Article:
Same Song – Different Day
How is it that people that advocate multicultural education and diversity are often times the same ones that ban Christmas music from being performed in our public schools?
To answer that question we thought it would be helpful to define the meaning of the term “multicultural education” and highlight the policies and stated objectives of the Maplewood, NJ school system. We chose Maplewood because we’re a New Jersey blog and the school system’s ban of Christmas music has been written and talked about across the country
The National Association for Multicultural Education provides the following definition: Multicultural education is a process that helps students develop a positive self-concept by providing knowledge about the histories, cultures, and contributions of diverse groups.
From page 26 of Maplewood’s 2002 School Diversity Inventory we learn: A goal or objective of an education program should be to increase understanding and appreciation for persons of various faiths or religions.
Well, based on the authoritative definition of multicultural education and one of Maplewood’s diversity objectives we would think Christmas music would fit very nicely into the school’s education programs. So our researched continued.
This led us to review the Maplewood School District policy # 2270.- Religion In The Schools. This is the policy cited by the School Board for banning Christmas music, including instrumental renditions. The relevant passages are quoted below:
Music, art, literature, dance and drama along with religious customs and traditions, which have come to us from various elements of our national population, may be used to broaden our pupils’awareness of the many elements that comprise our diverse American culture.
Religious orientations and institutions have had a profound impact on human experience, past and present. An education excluding such a significant aspect would be incomplete.
The practice of the South Orange Maplewood School District will be to permit the inclusion of religious literature, music, drama, dance and visual arts in the curriculum provided that it achieves specific goals of the written curriculum in the various fields of study; that it is presented objectively; and that it neither inhibits nor advances any religious point of view.
Religious music, like any other music, can only be used if it achieves specific goals of the music curriculum. Music programs prepared or presented by student groups as an outcome of the curriculum shall not have a religious orientation or focus on religious holidays.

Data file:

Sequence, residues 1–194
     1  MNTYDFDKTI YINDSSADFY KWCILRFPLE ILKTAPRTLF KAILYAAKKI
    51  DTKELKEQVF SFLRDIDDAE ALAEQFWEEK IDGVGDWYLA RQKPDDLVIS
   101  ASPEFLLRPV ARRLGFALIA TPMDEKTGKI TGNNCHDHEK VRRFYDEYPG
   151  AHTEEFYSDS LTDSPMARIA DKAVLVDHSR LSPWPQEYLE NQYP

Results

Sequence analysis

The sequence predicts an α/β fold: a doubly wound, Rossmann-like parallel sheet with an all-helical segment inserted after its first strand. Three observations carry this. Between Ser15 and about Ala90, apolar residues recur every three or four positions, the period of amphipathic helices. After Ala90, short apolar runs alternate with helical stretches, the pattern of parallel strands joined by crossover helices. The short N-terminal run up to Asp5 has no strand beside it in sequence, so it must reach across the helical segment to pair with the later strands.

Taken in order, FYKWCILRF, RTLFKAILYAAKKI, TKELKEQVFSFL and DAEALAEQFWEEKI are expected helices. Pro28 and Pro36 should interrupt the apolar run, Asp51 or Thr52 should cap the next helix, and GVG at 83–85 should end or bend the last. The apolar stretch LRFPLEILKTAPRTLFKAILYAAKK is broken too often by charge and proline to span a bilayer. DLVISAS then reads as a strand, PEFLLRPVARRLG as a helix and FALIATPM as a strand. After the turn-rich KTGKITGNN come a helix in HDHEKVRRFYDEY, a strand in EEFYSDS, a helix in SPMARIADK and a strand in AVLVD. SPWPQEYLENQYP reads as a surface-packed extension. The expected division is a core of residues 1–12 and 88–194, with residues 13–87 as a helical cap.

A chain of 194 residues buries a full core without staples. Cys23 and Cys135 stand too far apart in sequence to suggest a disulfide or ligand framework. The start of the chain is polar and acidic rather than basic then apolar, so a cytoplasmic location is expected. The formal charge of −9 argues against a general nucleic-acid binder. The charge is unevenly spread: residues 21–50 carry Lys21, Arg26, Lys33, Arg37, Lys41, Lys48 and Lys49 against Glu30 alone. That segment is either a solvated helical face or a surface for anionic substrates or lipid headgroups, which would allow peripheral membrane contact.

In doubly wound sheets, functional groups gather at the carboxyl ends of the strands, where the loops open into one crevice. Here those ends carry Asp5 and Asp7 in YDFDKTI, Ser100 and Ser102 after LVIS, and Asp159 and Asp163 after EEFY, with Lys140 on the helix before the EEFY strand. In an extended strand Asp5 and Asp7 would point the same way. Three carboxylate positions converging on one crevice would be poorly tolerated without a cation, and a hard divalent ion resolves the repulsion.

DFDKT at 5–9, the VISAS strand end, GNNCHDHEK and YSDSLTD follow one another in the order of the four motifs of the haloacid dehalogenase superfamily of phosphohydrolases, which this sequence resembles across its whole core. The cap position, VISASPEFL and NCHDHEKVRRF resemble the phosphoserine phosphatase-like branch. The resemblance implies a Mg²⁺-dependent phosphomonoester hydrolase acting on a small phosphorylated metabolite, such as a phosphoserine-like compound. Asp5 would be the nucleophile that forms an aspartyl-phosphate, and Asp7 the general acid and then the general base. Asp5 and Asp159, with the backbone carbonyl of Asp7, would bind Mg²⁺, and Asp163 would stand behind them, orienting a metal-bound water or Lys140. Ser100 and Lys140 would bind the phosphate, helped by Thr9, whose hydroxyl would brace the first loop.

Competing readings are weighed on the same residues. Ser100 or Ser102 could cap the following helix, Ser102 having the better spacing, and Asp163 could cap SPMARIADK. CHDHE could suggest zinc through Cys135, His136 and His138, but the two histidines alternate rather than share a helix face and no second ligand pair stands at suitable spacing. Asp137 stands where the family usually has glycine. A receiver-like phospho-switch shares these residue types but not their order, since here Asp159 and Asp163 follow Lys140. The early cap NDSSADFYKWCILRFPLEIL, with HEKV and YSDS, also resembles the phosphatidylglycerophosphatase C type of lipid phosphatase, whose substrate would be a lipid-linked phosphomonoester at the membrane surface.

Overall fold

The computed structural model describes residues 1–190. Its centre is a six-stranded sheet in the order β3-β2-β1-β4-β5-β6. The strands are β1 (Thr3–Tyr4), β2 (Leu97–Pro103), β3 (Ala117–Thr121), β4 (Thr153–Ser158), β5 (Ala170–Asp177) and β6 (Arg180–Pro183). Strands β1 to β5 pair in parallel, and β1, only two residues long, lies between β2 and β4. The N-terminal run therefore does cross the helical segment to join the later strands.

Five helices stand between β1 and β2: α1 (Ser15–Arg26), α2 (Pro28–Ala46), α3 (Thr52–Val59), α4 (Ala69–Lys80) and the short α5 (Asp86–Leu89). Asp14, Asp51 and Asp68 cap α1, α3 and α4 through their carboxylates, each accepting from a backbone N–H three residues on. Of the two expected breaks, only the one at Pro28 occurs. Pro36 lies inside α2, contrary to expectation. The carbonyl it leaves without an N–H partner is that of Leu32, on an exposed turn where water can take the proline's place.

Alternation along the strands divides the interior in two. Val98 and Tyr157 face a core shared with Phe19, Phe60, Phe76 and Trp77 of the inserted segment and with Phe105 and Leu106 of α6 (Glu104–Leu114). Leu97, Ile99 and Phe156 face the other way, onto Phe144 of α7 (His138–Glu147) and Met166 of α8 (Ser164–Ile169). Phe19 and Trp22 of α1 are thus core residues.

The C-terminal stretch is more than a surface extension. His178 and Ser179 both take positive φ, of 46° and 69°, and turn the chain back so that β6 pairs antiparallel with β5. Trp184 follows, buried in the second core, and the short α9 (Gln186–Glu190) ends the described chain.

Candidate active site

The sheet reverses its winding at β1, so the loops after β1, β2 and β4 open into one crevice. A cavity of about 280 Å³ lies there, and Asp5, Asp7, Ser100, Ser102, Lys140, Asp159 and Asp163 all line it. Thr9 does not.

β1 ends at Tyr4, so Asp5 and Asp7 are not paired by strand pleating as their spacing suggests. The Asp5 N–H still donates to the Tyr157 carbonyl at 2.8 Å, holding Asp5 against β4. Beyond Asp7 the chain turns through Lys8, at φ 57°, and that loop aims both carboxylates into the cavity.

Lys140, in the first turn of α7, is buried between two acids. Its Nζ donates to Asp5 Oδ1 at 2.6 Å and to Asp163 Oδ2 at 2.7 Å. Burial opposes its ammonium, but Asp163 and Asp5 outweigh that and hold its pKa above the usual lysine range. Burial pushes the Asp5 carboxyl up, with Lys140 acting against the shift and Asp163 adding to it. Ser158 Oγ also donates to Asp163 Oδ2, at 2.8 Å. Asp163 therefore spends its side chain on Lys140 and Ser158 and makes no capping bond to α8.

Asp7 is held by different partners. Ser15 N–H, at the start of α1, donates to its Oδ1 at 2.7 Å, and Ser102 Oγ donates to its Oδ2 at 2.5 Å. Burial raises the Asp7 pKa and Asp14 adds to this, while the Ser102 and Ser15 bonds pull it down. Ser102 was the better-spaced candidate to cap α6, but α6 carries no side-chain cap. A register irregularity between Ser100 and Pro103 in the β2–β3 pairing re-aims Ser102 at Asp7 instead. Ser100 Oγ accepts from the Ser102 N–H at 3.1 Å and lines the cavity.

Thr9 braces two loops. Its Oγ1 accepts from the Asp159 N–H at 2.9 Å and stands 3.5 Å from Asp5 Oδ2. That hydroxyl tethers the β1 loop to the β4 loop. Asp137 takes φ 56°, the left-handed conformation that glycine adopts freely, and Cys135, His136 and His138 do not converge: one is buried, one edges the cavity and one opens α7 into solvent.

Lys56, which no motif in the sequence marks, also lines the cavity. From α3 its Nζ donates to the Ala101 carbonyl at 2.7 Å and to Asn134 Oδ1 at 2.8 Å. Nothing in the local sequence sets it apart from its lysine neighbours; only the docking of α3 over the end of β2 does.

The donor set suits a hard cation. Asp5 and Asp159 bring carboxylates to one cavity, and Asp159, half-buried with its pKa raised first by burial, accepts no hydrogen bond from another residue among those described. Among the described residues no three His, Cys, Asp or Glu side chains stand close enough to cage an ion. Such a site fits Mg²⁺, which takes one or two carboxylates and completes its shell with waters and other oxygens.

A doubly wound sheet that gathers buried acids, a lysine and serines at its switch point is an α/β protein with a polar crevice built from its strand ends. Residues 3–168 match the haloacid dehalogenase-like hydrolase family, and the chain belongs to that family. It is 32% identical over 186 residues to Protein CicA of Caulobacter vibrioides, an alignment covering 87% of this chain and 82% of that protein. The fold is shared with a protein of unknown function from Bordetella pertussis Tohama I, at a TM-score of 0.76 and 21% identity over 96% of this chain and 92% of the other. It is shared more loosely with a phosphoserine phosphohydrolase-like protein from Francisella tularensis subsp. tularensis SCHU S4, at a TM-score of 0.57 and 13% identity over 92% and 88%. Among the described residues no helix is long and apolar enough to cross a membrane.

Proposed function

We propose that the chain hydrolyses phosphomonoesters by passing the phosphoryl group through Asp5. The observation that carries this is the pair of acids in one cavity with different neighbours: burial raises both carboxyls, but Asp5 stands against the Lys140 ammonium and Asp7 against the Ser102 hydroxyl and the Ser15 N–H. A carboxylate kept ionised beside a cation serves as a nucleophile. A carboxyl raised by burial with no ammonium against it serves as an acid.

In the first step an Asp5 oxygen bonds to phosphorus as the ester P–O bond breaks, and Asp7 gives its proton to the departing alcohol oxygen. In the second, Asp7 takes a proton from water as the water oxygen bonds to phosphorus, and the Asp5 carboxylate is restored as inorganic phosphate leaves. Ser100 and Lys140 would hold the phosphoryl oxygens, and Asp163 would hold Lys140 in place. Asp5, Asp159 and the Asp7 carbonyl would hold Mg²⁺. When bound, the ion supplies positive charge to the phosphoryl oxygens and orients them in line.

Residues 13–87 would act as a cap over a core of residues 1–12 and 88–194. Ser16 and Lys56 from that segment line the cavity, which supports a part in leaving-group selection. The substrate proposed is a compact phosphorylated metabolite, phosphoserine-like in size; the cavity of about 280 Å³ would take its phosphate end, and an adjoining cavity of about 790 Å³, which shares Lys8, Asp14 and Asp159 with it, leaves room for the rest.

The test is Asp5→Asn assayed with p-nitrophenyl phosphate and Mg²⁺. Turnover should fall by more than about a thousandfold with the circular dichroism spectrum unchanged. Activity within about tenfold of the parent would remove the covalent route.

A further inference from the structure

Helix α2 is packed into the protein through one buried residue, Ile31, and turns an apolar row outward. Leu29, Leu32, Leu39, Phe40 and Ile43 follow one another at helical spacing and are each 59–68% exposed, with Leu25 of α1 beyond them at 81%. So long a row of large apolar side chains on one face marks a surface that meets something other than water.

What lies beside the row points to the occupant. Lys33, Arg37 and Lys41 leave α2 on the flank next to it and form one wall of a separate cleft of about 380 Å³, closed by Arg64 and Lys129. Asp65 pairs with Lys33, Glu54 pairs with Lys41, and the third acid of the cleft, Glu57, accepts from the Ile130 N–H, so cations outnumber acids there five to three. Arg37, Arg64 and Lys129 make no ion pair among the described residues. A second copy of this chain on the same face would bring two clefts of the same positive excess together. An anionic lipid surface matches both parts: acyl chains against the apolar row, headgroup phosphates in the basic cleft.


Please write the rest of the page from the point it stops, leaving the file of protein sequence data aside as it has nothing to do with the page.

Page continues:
Did you notice anything about the policy? The policy makes sense until the last sentence. However, we would argue that the majority of Christmas music in not “religious music” but instead is “folk music". And here’s why.
Religious music is defined as a genre of music composed for performance as part of religious ceremonies. We would argue that the majority of “Christmas songs” do not conform to the definition of religious music, especially when performed in a secular setting such as in a public school, a town hall or public square. When performed in these settings, they can better be characterized as folk songs.
Folk songs are defined as songs traditionally sung by the common people of a region and forms part of their culture. The folk music of a culture is the music that is passed down from one generation to the next. It includes many different kinds of music: lullabies and children's singing games, tunes that people enjoy singing together or dancing to, songs for celebrations, ceremonies, and holidays. Since ancient times, folk music has been the music of ordinary people and not the ruling class. Let’s look at an example.
Although banned by the Maplewood School Board, I think we can be certain Rudolph the Red-Nosed Reindeer was not composed for performance as part of a religious ceremony. Rudolph is a folk song. In case you have forgotten the words or are unfamiliar with the song, here are the lyrics:
Yes, Christmas Eve and Santa are mentioned in the song, but the message does not focus on the Christian religion or the even the Christmas holiday. It teaches some very valuable lessons and valuing diversity is one of them. So, if Rudolph can’t pass the Maplewood policy test, even when performed as an instrumental, then all traditional Christmas songs are off limits.
Rudolph the Red-Nosed Reindeer
Had a very shiny nose,
And if you ever saw it,
You could even say it glows.
All of the other reindeer
Used to laugh and call him names;
They never let poor Rudolph
Join in any reindeer games
Then one foggy Christmas Eve,
Santa came to say:
"Rudolph with your nose so bright,
Won't you guide my sleigh tonight?"
Then how the reindeer loved him
As they shouted out with glee,
"Rudolph the Red-Nosed Reindeer,
You'll go down in history."
So we suggest Maplewood skip all the flowery language about permitting the inclusion of “religious music”; broadening pupils’ awareness of the many elements that comprise our diverse American culture; and educations excluding such a significant aspect being incomplete. The School Board policy need only state that students may not perform in any manner, music or songs that have been, or may in the future be, associated with any faith, creed, religion, or holiday.
Finally we would suggest that Christmas songs are among the most popular examples of American “folk music” and they are despised in certain circles for that very reason. These songs are an integral of part of our culture and a concerted effort is underway to remake the cultural from the top down. As in ancient times, folk music is the music of ordinary people and not the ruling class. Nothing’s changed, the ruling class still looks down its nose at our quaint traditions and music, while the cranks cheer them on.